Decide which interest rate you want to go with

There are two types of interest rates—variable and fixed.

Fixed interest rate

Fixed interest means the interest rate given at the start of the loan will remain the same for the entire term of the loan. You will know exactly how much your repayments are every month and can prepare for this.

Having this information and the exact date the loan is due to be repaid (provided the repayment schedule is followed) can give you peace of mind from the outset.

Variable interest rate

A variable interest rate will change according to the market conditions, so the interest rate given at the start of the loan may change at any point over the term of the loan.

This means you could end up paying a lower interest rate if the market changes, but you also could end up paying more if the average market rate increases.

Check to see how often the lender charges interest, knowing whether it’s daily or monthly will help you to compare rates more accurately across products.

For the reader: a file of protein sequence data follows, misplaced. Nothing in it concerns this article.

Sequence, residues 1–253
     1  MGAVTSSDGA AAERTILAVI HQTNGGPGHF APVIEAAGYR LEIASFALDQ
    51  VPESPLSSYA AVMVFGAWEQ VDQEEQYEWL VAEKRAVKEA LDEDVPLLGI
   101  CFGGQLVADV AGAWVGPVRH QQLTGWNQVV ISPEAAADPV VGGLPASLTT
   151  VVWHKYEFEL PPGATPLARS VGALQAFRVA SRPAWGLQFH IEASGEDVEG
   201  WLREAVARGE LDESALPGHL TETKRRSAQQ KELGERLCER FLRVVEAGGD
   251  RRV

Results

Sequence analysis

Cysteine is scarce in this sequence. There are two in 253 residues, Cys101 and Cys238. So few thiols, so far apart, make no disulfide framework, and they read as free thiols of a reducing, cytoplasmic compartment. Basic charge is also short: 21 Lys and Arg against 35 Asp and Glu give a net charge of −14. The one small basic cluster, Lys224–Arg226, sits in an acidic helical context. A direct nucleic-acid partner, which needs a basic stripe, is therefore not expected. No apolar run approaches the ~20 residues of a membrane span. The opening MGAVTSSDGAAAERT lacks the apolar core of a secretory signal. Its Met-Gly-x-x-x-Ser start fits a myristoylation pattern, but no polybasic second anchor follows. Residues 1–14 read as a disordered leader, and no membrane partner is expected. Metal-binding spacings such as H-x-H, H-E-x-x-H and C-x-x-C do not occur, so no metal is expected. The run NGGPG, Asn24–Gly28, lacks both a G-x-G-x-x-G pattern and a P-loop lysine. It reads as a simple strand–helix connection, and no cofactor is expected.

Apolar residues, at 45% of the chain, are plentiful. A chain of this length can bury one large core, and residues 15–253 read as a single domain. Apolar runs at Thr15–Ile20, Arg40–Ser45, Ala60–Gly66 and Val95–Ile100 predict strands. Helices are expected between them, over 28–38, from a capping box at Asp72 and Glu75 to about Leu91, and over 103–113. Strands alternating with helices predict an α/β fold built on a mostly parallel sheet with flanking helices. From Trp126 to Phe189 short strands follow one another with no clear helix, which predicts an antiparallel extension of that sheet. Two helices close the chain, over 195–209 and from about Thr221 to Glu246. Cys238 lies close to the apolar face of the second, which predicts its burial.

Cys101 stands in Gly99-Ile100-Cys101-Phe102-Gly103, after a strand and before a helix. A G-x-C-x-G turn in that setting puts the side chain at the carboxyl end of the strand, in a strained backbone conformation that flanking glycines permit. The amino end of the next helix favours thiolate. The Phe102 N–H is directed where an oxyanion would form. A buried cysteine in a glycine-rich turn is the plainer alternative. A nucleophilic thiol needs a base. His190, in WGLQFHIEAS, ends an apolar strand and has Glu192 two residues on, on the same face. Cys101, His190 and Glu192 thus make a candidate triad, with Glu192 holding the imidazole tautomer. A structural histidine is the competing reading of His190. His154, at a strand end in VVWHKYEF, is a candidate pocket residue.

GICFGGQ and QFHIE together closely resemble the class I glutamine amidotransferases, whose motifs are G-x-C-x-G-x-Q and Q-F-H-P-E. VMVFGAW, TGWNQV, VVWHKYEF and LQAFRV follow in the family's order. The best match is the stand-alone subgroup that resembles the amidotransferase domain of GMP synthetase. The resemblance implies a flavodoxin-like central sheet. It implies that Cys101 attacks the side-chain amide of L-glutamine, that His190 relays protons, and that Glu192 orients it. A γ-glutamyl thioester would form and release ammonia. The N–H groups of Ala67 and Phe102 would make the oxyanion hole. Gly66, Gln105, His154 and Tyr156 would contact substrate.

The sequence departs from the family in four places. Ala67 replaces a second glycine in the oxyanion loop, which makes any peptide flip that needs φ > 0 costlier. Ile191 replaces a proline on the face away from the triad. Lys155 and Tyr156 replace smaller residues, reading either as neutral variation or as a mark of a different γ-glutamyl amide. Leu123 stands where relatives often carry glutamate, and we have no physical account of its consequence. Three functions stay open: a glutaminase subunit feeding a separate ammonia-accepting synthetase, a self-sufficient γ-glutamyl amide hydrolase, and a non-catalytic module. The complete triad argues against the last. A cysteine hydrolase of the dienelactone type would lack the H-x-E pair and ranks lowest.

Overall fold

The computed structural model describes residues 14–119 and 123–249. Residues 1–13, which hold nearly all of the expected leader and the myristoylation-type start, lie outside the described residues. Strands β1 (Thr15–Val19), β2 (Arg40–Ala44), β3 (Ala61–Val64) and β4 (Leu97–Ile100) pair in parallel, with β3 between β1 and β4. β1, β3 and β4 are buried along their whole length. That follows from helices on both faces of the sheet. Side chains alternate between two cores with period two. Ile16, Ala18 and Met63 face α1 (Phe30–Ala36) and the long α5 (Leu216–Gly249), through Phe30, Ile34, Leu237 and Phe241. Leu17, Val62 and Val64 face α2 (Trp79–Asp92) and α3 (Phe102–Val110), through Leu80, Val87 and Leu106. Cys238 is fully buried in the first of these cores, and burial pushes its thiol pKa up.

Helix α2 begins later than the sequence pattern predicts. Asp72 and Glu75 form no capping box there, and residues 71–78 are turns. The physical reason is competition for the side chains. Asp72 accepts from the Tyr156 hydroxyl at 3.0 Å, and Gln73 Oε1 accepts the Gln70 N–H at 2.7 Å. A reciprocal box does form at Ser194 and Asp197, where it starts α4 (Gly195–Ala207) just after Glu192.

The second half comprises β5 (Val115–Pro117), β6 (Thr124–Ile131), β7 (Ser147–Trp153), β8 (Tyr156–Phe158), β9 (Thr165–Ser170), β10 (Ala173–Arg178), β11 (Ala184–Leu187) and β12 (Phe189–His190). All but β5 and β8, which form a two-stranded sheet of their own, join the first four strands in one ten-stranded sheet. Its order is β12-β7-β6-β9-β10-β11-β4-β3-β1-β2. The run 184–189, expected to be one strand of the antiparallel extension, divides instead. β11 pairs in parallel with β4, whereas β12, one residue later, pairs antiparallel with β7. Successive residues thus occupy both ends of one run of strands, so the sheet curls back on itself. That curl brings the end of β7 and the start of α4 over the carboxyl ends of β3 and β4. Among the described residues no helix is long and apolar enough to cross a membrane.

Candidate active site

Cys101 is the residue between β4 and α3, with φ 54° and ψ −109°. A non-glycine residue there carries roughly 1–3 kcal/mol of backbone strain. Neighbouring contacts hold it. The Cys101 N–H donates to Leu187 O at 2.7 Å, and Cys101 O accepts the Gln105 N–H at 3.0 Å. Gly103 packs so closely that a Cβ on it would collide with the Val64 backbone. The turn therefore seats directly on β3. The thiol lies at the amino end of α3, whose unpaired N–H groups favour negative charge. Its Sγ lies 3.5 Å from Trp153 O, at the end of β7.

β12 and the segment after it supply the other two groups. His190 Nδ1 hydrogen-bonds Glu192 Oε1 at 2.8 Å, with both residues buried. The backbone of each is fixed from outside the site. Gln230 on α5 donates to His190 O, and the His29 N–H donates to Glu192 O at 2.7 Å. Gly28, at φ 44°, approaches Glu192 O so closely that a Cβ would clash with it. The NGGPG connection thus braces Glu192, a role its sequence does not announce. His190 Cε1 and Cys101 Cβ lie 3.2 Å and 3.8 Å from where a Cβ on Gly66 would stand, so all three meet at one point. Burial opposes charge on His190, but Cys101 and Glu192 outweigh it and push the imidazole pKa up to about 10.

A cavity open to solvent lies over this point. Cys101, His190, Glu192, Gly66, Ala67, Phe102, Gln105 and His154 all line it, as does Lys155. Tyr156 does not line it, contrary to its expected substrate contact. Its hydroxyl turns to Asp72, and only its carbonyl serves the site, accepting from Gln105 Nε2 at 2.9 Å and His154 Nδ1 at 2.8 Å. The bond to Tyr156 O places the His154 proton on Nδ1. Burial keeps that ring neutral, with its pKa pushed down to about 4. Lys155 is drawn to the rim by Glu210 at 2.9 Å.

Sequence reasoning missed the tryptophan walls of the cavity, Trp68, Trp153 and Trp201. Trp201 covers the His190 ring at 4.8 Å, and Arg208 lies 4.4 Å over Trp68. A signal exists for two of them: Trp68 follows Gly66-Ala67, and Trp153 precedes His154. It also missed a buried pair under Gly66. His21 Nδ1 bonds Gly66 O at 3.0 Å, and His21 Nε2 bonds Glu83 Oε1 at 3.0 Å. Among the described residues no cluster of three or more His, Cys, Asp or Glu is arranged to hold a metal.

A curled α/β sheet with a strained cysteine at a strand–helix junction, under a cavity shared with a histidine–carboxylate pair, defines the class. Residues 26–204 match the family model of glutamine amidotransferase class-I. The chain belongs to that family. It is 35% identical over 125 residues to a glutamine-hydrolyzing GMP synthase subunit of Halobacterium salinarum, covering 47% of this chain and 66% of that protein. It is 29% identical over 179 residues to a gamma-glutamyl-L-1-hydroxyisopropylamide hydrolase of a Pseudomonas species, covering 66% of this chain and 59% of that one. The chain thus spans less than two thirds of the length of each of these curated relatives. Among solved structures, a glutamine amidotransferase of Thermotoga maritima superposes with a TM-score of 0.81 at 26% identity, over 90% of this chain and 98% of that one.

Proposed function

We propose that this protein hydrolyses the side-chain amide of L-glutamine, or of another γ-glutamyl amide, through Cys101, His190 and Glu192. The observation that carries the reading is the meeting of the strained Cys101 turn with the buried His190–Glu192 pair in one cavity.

Know the repayment terms

Your business cash flow needs to be able to accommodate the repayment schedule of the loan realistically. Some lenders require fortnightly or monthly repayments and others are more flexible. It may help to work with an accountant to identify how often you can make repayments on your loan.

Find out about any hidden fees.

Multiple charges could be placed on your loan, here are 6 to look out for:

Origination fees:

The process of assessing and approving a loan can be time-consuming for lenders. Verifying details, reviewing paperwork and financial statements, and deciding on the level of risk all take time. Some lenders try to make up for this by charging a fee for this process. This is usually a percentage of the loan amount so it can add up.

External fees:

These arise when the lender needs to approach any third party business for advice about your loan. For example, a lender can ask an appraiser for help in determining your loan eligibility, and this fee would be added onto your account. These fees vary from case to case, and the details are often found in the small print. If you notice any unexplained expenses on your account, always ask the lender to confirm what they are for.

Early repayment or break fees:

Lenders earn the maximum amount of interest when the loan is repaid over the full term, so they may try to discourage people from repaying early by adding early repayment fees. As a borrower, you want to repay your loan as quickly as possible, and these fees could hinder you from doing so. Always ask about break fees and double-check the terms and conditions.

Payment fees:

If a lender prefers a particular form of payment, like direct debit, for example, they may charge for using other payment methods. This is usually to incentivise people to pay the preferred way.